Russian jet was avoiding air defense system when it entered Turkish airspace in October - Air Force

© Mikhail Voskresensky
A Russian fighter jet was forced to enter Turkish airspace in early October while performing an evasive maneuver against a surface-to-air missile system, the commander of Russia’s Air Force said.

“Our fighter jet was on a combat mission in Northern Syria in very dense cloud conditions. When the aircraft was passing along the Turkish border, the onboard equipment set off an alarm indicating the plane was being targeted by some kind of air defense system,” Commander-in-Chief Viktor Bondarev told Komsomolskaya Pravda daily.

“The pilot had to take a split-second decision to perform an anti-missile maneuver. Well, [the plane] went a little bit into Turkish airspace. We acknowledged it frankly,” Bondarev added.

On October 3, the Russian Defense Ministry said that a Sukhoi Su-30 fighter jet had violated Turkish airspace for several seconds due to unfavorable weather conditions. Turkey’s prime minister, Ahmet Davutoglu, said at the time: “There is no tension between Turkey and Russia in this sense. This was a mistake, they respect Turkey's borders and this will not happen again.”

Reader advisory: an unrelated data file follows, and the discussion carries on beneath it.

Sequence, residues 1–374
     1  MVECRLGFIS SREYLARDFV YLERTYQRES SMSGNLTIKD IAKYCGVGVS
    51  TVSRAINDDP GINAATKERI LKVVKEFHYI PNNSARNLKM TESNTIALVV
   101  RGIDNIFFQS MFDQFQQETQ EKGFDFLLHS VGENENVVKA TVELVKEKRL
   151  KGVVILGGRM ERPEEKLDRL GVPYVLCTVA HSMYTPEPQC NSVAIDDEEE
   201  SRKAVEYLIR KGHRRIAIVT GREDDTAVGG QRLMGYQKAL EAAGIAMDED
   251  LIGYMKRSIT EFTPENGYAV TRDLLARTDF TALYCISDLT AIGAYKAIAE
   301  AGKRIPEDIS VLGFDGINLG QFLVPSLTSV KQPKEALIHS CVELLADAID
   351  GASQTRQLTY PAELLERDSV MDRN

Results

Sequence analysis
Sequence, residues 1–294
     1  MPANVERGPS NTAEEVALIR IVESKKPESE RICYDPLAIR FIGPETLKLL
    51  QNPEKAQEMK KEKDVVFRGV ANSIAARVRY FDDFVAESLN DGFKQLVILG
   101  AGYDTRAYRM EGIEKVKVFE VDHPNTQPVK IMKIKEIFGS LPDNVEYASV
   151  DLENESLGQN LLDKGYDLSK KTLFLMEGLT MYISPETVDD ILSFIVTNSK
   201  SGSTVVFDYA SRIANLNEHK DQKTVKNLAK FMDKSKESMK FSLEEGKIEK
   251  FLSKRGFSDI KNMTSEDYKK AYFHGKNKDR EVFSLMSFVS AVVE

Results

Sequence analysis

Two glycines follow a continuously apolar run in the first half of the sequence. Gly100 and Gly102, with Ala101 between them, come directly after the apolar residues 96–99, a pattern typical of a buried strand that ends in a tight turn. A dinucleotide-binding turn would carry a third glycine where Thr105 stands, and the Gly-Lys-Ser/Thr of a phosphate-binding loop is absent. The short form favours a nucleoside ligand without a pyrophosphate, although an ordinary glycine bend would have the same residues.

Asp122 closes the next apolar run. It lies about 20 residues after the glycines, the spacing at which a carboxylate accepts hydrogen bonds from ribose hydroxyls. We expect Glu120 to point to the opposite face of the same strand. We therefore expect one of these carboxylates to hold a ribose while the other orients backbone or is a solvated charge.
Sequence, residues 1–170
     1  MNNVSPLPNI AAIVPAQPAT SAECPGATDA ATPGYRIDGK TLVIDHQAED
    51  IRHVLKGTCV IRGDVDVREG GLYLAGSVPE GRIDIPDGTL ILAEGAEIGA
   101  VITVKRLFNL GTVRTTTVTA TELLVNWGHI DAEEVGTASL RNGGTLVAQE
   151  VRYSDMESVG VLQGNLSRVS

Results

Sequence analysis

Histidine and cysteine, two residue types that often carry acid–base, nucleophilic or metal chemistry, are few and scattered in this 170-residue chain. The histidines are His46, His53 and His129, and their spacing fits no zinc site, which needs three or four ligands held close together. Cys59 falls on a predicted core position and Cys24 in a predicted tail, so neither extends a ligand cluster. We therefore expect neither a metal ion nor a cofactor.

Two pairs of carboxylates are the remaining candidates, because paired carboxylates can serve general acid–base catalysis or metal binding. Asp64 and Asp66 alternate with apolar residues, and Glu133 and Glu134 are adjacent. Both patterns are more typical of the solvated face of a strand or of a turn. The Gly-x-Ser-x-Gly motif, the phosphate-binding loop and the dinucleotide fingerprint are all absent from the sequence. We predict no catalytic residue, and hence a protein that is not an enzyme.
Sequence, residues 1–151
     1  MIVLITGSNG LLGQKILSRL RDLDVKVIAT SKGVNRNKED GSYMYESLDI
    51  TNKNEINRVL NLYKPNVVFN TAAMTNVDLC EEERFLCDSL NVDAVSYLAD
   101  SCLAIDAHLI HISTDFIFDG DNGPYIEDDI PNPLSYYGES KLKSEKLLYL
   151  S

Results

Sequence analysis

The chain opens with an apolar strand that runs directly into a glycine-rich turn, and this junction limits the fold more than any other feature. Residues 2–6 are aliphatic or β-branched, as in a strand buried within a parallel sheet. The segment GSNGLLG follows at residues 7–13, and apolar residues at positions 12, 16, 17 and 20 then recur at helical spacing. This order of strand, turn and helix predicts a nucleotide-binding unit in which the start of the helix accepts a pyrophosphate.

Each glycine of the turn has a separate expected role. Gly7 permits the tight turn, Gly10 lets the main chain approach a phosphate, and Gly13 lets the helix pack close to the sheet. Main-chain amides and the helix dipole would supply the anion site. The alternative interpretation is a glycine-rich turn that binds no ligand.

READ MORE: Turkey says ‘no tension’ after Russian airspace violation mistake, NATO cries foul

The incident with the Russian jet was used to include NATO in the media war against Moscow's anti-terror operation in Syria, Aleksandr Grushko, Russia’s envoy to the Western military alliance, said at the time.

NATO ignored all clarifications from Russia about the plane incident, with NATO Secretary General Jens Stoltenberg describing the situation as "unacceptable violations of Turkish airspace."

"The impression is that the incident in Turkish airspace was used in order to include NATO as an organization into the information campaign unleashed in the West, which perverts and distorts the purposes of the operation conducted by the Russian air forces in Syria," Grushko said.

"Similar incidents are clarified through bilateral or military channels," Grushko said. "This is common practice.”

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